Curry Bondy was the first winner of the Kanda Curry Grand Prix in 2011 and has been a local favourite since. Despite being hard to find on the second floor above a bookstore, this restaurant attracts hungry Tokyoites daily and always has queues during lunch hours. The menu offers a dozen curries, but first timers should go for the popular beef curry (¥1,600) featuring a deep brown roux made with a mixture of spices and fruits.

All curries come with cheese, kappa zuke pickles and umeboshi (pickled Japanese plum), with a side of rice and boiled potatoes. You can choose amakuchi (sweet), chukara (medium spicy) or karakuchi (spicy) depending on your preference, and even make it into a large portion for an additional  ¥150.

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  • Jinbocho

Kitchen Nankai is a familiar favourite on Tokyo's curry scene, specialising in this warming comfort food with a few riffs on the classics. If there’s a queue (likely at peak times), one of the chefs will come out and take your order while you stand in line. If you’re not sure what to order, simply point to the dish immortalised as a plastic replica in the window display. You pay at the same time and get a coloured plastic token which you give to your waitress once seated.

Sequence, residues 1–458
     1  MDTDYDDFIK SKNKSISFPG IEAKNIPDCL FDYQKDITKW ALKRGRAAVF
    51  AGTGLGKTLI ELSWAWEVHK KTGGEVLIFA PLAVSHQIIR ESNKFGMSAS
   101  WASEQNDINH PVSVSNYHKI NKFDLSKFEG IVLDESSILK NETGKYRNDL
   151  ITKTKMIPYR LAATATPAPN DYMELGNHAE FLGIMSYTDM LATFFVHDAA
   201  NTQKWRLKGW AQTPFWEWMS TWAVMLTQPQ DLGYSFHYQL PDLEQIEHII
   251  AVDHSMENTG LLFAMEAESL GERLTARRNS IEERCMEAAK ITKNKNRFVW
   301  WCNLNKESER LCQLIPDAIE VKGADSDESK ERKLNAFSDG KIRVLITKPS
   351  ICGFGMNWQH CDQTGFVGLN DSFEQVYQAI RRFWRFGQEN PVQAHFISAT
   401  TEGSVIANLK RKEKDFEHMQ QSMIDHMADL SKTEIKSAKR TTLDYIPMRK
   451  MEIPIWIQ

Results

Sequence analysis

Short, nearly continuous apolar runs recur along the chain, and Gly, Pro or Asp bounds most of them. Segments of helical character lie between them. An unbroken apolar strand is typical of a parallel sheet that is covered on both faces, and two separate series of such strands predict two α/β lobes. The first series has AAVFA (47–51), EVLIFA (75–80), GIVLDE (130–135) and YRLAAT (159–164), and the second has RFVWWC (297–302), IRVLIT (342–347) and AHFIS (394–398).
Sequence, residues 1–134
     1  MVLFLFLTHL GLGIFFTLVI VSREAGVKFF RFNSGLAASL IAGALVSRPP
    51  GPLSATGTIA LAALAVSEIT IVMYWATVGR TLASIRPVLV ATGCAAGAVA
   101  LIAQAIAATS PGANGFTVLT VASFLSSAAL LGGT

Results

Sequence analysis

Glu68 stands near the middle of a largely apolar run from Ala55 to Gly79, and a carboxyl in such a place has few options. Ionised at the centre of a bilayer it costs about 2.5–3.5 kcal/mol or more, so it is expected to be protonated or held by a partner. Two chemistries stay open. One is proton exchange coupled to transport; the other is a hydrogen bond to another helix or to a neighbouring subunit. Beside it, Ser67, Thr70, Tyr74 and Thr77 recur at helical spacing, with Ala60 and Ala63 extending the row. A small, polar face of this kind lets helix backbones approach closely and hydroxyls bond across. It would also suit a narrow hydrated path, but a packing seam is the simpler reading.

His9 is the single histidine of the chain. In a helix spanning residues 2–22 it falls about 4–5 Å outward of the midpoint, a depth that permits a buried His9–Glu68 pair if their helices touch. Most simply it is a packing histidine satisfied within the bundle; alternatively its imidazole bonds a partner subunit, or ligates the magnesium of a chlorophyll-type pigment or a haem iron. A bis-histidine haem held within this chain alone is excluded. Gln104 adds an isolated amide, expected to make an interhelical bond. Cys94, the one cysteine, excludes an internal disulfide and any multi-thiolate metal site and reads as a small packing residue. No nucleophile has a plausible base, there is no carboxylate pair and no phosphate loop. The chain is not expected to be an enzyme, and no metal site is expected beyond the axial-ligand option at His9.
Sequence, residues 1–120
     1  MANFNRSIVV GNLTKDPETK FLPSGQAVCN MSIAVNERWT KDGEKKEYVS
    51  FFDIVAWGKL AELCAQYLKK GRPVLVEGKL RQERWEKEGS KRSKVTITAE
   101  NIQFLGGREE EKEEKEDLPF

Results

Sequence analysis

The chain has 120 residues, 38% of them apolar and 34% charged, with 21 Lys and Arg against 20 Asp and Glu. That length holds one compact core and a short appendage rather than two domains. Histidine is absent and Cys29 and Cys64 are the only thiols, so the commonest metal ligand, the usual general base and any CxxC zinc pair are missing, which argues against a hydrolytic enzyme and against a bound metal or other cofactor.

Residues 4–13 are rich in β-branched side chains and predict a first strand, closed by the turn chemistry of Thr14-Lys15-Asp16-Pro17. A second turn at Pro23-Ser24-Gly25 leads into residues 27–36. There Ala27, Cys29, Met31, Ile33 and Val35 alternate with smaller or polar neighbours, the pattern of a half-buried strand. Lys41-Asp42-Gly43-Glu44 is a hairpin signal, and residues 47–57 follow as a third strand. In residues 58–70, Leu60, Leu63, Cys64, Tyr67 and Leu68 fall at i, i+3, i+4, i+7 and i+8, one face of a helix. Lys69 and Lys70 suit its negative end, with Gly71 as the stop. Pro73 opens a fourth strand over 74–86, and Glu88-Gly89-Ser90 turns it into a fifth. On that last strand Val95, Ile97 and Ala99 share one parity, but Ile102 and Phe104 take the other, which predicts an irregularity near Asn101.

The most popular combo of rice, curry and tonkatsu costs a mere ¥700. You can help yourself to the red pickles known as fukujinzuke. Portions are large here; tables shared and cosy. Afterwards, walk off the calories with a stroll through Jinbocho’s sprawling book district.

  • Japanese
  • Tsukiji

Owner-chef Akida started the East Indian Curry Company for one very simple reason: he loves curry. And after tasting his blend of Japanese-, Indian- and European-style curries, you’ll love curry, too.

The house favourite is the tuna katsu curry (¥1,400), sporting large chunks of the meaty fish breaded and deep-fried, and served with rice and the restaurant’s signature curry sauce. The tuna is remarkably soft and tender, and the curry sauce, laced with onion, zucchini and potato, is a perfect balance between sweetness, spice and heat.